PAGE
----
|At some point in your life based on your perceived self interest you decided adopt a philosophy of life based on what you WANTED to believe rather than what could be demonstrated by fact and reason. Somehow this belief continues to serve some function in your life that is in your self interest. Fine. Millions of people will love you for it.|
Um, no, Mike, that is not remotely how it went. Not even close. You are making an assumption without knowing anything about me. What you have based it on is your blanket definition of religion, and that simply does not fly. "Perceived self-interest"? You are somewhere between psychologizing and attempted mind-reading. The blanket definition of mysticism in Objectivism is so huge that it barely serves any focused purpose.
I have never found a use for the general self-image of "superior". It certainly does not support self-worth. Perhaps in efficacy: "My 2000 rating in chess makes me superior at winning chess games to those with a rating less than mine."
But a "superior" consciousness? Surely there are tiers of consciousness that can be achieved. And at the higher ones, I'm thinking the posture of "superior" does not exist.
None of this matters. What is my purpose here? Do I have a reason to be here? Yes. Objectivism practically raised me. A great deal of it is incorporated into how I live, and the successes I have achieved. I remain a friend of Objectivism, even though it is true that I have become Unitarian, and belong to a certain kind of pluralistic religious community. And, there was the significance of Nathaniel Branden's psychological writings, how they impacted my life for the better. I even got to do a bit of meaningful work for him. Is it really so odd that I am here?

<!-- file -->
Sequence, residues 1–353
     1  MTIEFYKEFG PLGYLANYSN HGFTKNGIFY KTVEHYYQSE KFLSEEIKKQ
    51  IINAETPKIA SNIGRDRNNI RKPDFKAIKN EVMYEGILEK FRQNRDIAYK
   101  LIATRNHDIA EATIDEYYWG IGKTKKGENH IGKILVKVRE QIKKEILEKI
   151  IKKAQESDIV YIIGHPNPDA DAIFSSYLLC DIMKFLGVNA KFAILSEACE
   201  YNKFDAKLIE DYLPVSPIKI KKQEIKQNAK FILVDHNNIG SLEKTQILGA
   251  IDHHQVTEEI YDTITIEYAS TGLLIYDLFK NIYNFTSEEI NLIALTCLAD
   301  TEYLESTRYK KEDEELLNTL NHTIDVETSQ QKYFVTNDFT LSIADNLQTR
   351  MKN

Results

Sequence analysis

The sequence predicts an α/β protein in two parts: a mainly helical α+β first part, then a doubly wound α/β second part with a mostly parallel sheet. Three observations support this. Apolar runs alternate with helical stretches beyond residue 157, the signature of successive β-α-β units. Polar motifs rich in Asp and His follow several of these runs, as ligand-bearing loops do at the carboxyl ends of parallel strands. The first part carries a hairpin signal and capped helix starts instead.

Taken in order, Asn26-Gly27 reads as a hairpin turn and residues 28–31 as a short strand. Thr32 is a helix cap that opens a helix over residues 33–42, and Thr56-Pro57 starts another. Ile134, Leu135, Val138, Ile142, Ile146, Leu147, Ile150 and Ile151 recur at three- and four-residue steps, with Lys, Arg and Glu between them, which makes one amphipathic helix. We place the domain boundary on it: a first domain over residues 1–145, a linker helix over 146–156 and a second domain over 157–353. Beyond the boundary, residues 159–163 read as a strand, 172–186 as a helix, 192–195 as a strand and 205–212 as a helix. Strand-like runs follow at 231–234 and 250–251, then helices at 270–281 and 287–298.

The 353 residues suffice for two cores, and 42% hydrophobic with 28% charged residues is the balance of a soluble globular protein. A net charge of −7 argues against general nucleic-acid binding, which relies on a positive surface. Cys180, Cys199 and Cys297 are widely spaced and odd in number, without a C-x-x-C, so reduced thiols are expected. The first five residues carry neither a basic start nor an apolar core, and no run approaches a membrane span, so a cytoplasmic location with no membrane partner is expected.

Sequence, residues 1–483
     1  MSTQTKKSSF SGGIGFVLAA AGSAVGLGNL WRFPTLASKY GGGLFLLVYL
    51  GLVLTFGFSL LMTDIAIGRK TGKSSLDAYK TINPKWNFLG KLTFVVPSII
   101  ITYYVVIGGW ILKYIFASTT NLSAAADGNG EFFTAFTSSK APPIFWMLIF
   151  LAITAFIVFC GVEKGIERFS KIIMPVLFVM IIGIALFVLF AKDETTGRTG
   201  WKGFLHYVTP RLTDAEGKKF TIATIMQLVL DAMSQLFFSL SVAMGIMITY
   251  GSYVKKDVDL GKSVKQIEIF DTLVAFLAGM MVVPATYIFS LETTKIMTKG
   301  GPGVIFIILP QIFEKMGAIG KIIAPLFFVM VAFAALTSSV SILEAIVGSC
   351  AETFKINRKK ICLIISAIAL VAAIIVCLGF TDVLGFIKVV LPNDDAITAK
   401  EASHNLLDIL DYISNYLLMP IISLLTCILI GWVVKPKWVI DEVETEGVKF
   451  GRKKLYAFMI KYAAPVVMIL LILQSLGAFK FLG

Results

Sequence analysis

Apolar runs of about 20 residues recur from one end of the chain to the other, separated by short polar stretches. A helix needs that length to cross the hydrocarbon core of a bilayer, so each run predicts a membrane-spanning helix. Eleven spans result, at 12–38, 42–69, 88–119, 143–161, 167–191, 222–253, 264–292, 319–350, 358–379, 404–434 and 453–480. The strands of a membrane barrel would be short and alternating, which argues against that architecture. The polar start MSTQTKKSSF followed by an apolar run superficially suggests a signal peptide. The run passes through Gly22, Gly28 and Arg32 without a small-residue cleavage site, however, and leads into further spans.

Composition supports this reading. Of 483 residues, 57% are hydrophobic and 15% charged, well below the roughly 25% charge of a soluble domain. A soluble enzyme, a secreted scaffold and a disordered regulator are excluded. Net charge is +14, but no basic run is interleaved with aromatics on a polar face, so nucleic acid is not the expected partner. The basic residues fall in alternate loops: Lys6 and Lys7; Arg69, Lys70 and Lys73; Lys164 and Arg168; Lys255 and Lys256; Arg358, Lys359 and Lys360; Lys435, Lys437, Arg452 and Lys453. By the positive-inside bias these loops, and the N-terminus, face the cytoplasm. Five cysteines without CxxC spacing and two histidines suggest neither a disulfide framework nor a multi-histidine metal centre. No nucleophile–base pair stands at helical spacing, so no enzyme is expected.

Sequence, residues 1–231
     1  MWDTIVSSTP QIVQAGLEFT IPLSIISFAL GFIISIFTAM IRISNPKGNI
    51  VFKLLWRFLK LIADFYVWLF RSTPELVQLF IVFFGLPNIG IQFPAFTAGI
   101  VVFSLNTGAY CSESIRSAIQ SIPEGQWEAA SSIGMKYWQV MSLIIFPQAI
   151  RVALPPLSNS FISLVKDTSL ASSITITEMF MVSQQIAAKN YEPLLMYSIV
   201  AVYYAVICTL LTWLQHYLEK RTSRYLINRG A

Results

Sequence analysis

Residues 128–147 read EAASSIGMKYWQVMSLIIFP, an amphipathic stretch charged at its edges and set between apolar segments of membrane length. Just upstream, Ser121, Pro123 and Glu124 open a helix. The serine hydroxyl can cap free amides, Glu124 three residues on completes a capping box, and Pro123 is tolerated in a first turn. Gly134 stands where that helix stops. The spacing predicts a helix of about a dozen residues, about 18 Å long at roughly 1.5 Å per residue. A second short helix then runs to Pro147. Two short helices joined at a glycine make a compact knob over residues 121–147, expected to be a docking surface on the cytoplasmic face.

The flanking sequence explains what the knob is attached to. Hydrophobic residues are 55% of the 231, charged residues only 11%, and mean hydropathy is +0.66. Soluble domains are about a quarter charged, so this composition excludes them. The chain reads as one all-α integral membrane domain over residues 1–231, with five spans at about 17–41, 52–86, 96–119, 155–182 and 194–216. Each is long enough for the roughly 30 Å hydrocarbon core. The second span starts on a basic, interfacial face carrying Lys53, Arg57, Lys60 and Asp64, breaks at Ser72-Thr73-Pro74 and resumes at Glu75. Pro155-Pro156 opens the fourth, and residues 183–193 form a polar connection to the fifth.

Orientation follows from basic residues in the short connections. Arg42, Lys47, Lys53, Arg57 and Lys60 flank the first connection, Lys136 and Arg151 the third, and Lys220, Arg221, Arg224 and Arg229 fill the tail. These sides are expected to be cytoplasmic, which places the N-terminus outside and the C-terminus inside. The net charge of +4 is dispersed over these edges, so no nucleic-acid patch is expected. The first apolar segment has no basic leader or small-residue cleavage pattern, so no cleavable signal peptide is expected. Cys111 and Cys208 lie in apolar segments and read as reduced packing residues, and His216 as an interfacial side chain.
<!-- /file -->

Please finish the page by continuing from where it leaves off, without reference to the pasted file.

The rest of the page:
I think there is a problem with some Objectivists, yes, I do. More importantly, I observe lost opportunities because of these problems, these attitudes. The energy that goes into diatribes about mainstream religious folks (I am excluding radical fundamentalist activists, for obvious reasons) is pointless. There are bigger fish to fry, and Objectivists are uniquely suited to fry them. But coming from a stance of superiority, of thinly-veiled contempt, it is no more possible than if a religious person has the same kind of stance.
It requires a great deal of self-honesty to explore such postures. In the case of one with an Objectivist background, there are some common answers that come up. I know this because I was there, and I see it repeated in others. Whether I had become a Unitarian or not, these things were already in front of me. Observable behaviors both in myself, and in others.
And, it is much harder to integrate than it is to dissociate. There will always be Objectivists, and other "ists," (I am excluding fascists and other malevolent types in this writing)and people who have an individual religious consciousness of one kind or another. Reasonable disagreement on core beliefs such as the nature of the universe, and how we are internally is acceptable, it is inevitable. The whole world is not going to someday adopt your philosophy lock stock and barrel- we all know that in all reasonable thought is not ever going to happen. That is why the greater issue is a relational one. This is the challenge for all philosophies and religions. The alternative is, quite simply, war.
(Edited by Rich Engle on 12/28, 9:20am)